One of the surprising ones is when you have Puff on, whose history with Dre isn’t necessarily a positive one. And to have him talk so candidly about those times seemed like a pretty unique thing, even when he’s saying he can’t say certain things on tape because of the legal ramifications.

And they’re all friends now. Puff lives four doors down from Jimmy. He’s always at Jimmy’s house. It was tough because there is obviously a lot of sensitivity to what happened then, on both sides. And you could feel that. This film represents a huge cathartic moment for all the parties that were involved in that crazy time in music.

When anyone watches this thing, it’s the revelations that really stand out. One part is where Jimmy is reflecting on his relationship with Tom Petty souring because of Jimmy’s relationship with Stevie Nicks. I’m not enough of a historian to know which of this stuff was new, but for me, it felt really fresh and revelatory, like it was something that had been weighing on him that he needed to get out.

It was new, by the way. Him speaking about it in the film was the first time he’d really dealt with it.

Is that an important thing when making this kind of film, knowing that you need this aspect of new information and revelations, and how do you get those to come out?

You’ve absolutely got to be in the mind space. When you look at a person, like Jimmy or me or you, if you’re lucky, we’ve got three great stories in us that we can tell at a dinner party. I call them our hit records. If we’re lucky, we have three hit records in us. And it was my job not only to identify what those hit records were with any of the artists I sat down with, but also to find new records that no one had heard yet.

So Jimmy, though he had many of them, he wasn’t aware that Stevie Nicks was a massive one. When we got to talking about it, I’m like, “Let’s talk about Stevie. You had a relationship with her, and you’re making her album at the same time,” and Jimmy’s like, “Nah, she’s just a cool chick, you know? We did the album, and we broke up soon after.” And I’m like, “That’s it?” And he’s like, “Yeah, that’s it.” He wouldn’t give me any more. So I said, “You know what, I’m going to go interview Stevie, because she had already agreed to do it.” And she got into it. So when I showed Jimmy her rough cut, he went ahead and filled in the story.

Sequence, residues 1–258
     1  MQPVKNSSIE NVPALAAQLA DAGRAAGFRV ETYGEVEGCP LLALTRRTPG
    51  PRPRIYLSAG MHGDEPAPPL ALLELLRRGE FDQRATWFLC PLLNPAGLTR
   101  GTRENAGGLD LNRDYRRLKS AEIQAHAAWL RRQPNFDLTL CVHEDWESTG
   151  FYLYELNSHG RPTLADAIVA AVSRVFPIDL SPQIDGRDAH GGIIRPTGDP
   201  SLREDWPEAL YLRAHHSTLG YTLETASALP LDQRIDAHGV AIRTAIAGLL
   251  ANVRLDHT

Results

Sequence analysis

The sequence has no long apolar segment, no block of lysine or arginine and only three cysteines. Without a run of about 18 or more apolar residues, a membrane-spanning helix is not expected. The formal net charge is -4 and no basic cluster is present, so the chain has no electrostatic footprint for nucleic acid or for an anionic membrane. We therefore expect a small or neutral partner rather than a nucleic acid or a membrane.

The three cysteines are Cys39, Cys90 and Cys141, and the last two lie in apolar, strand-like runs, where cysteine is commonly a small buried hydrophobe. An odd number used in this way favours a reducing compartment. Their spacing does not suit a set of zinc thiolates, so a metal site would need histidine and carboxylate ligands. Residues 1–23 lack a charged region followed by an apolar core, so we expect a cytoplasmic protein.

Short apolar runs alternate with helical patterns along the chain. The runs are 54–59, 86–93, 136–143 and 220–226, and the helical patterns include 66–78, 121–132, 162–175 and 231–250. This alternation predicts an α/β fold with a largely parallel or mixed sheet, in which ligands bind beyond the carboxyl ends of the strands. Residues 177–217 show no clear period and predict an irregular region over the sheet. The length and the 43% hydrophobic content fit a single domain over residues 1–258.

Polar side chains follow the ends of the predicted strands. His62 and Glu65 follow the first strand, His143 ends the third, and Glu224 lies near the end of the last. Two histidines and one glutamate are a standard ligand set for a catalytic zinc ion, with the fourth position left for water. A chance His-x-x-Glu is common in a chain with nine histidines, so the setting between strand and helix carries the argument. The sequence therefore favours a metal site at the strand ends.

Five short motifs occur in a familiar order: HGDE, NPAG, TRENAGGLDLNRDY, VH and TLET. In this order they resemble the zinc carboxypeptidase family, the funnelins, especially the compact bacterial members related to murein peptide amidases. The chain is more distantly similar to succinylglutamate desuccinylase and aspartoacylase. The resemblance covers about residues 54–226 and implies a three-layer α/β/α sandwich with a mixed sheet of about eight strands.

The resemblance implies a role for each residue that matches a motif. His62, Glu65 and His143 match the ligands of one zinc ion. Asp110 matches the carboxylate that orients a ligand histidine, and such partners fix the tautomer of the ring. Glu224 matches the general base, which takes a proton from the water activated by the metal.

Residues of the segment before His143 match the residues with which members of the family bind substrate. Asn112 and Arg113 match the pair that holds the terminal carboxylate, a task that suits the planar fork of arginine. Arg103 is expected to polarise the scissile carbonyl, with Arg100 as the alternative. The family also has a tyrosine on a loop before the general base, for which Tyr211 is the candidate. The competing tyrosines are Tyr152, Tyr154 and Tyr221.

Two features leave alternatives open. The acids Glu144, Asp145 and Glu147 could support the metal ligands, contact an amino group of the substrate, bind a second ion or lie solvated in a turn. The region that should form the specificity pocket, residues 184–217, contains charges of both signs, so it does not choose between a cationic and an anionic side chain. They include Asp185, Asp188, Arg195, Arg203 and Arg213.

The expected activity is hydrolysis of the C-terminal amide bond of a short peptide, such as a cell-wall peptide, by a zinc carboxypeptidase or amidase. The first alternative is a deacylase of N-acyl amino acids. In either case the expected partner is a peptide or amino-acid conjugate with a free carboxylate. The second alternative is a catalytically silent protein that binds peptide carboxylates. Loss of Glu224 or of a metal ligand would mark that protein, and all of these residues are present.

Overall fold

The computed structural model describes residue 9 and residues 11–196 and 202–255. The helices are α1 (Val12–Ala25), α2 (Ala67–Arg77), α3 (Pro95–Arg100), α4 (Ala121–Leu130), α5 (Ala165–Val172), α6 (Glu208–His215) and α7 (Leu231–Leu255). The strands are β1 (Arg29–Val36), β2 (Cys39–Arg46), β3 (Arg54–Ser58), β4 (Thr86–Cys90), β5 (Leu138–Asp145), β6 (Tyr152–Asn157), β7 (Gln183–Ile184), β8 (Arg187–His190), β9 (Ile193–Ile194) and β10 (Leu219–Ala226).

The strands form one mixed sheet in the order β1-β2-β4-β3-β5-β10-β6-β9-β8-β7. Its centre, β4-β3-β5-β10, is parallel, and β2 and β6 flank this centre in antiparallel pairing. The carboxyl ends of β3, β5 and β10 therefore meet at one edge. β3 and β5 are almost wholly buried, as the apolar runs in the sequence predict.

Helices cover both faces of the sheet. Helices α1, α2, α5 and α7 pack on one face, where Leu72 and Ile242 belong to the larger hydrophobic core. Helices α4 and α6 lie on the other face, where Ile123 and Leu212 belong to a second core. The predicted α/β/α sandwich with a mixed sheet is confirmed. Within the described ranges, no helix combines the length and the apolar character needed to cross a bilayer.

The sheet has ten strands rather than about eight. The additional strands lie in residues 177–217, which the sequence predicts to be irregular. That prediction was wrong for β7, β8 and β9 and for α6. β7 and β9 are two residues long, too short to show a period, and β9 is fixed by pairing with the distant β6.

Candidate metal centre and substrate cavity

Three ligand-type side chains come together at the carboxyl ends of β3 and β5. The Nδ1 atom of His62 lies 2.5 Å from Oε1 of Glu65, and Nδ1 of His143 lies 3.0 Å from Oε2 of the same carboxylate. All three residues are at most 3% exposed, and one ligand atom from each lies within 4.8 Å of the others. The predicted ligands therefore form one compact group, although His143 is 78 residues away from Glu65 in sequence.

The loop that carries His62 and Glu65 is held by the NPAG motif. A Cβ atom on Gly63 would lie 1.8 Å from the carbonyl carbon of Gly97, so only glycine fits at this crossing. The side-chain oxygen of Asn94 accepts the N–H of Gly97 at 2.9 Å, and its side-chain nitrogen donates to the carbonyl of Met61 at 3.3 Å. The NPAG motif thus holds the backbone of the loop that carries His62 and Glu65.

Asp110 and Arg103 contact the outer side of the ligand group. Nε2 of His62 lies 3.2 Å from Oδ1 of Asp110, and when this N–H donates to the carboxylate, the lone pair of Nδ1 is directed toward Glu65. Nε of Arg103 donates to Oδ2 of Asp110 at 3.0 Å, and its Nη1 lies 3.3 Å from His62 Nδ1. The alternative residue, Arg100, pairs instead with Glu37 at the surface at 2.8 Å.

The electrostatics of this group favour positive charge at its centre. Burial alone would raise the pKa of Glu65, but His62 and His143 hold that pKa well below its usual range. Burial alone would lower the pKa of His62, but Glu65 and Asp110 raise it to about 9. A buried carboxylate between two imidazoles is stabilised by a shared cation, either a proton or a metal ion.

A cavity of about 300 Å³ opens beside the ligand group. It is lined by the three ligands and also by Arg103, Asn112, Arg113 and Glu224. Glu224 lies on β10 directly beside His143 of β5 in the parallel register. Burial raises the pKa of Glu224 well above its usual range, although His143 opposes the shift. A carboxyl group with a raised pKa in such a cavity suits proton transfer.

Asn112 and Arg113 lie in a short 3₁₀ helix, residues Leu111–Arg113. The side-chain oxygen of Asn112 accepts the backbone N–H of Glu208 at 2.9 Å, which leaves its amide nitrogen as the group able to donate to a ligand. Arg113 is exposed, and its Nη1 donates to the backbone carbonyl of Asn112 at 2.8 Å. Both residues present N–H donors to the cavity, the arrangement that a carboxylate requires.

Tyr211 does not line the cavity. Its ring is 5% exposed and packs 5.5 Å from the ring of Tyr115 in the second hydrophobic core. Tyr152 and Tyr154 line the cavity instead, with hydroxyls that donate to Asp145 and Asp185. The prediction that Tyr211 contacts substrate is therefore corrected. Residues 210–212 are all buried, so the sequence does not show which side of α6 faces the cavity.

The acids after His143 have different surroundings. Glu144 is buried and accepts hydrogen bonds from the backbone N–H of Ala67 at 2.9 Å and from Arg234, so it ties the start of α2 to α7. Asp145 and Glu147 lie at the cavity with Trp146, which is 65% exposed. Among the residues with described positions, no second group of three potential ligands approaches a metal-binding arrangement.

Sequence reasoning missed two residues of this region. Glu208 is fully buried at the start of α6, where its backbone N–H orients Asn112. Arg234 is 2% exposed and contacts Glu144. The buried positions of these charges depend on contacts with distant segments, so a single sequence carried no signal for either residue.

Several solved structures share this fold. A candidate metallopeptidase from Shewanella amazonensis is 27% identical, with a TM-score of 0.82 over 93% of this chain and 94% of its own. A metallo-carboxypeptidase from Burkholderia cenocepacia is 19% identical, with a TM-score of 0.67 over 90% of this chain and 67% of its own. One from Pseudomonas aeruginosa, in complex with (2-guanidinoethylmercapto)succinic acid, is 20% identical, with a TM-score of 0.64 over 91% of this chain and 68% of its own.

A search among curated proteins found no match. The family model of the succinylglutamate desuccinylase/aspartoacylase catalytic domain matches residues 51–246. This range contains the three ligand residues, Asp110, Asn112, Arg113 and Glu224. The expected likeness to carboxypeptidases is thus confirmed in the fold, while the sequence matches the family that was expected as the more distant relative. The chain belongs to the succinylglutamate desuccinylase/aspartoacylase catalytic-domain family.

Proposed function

There are the stories that our fathers and mothers and grandparents tell at the dinner table, and then there’s the ones where they’re not aware of how dynamic certain things were. That was what I was after. Not the obvious stories, but the stories behind the stories.

Now that you’ve spent three-and-a-half years deep diving into the music world, how do you feel about that world versus the film world that you spend so much of your time in?

I’d have to go off the record if I told you what I really want to tell you here. [Laughs.]

I’m just glad that I’m in the film world. It’s two different mentalities. Unfortunately for us all, as Trent [Reznor] stated so well in “Part 4,” the mystique is gone. We don’t have Prince anymore, these heroes that loomed large and you had to read into what they were doing. They were superheroes as Trent said, and Trent was that for me when I was growing up. It’s not really answering the question, but part of the bittersweetness of doing the film was knowing that it will never be the same, where we wait for the album to come out and we listen to the whole record and there were several of them happening every year. Now, you’re lucky if you get a Kendrick Lamar coming along or a Taylor Swift will come along.

Or JAY-Z this last week.

JAY-Z last week, but even there, that’s a grown-man album. So, we grown men and women can listen to it, but these millennials are like, “What the fuck is he talking about?” It’s kinda cool that a guy like Jay can make an album like that, and there is a market like that in hip-hop. Twenty years ago, you couldn’t be 47 and making a hip-hop album.

I do know one thing, to answer the question. The music business is quick, and the attention span is so short. The film business, you have to be real patient and nurture things. That’s what was amazing about Jimmy and Dre on this project, because they do get it and knew it was going to take time to get this right. Normally, there would be more immediacy there because things turn over so quickly in the record business. But taking time to get it right — that’s a film thing.

The Defiant Ones premieres on HBO this Sunday, July 9th at 9 p.m. EST.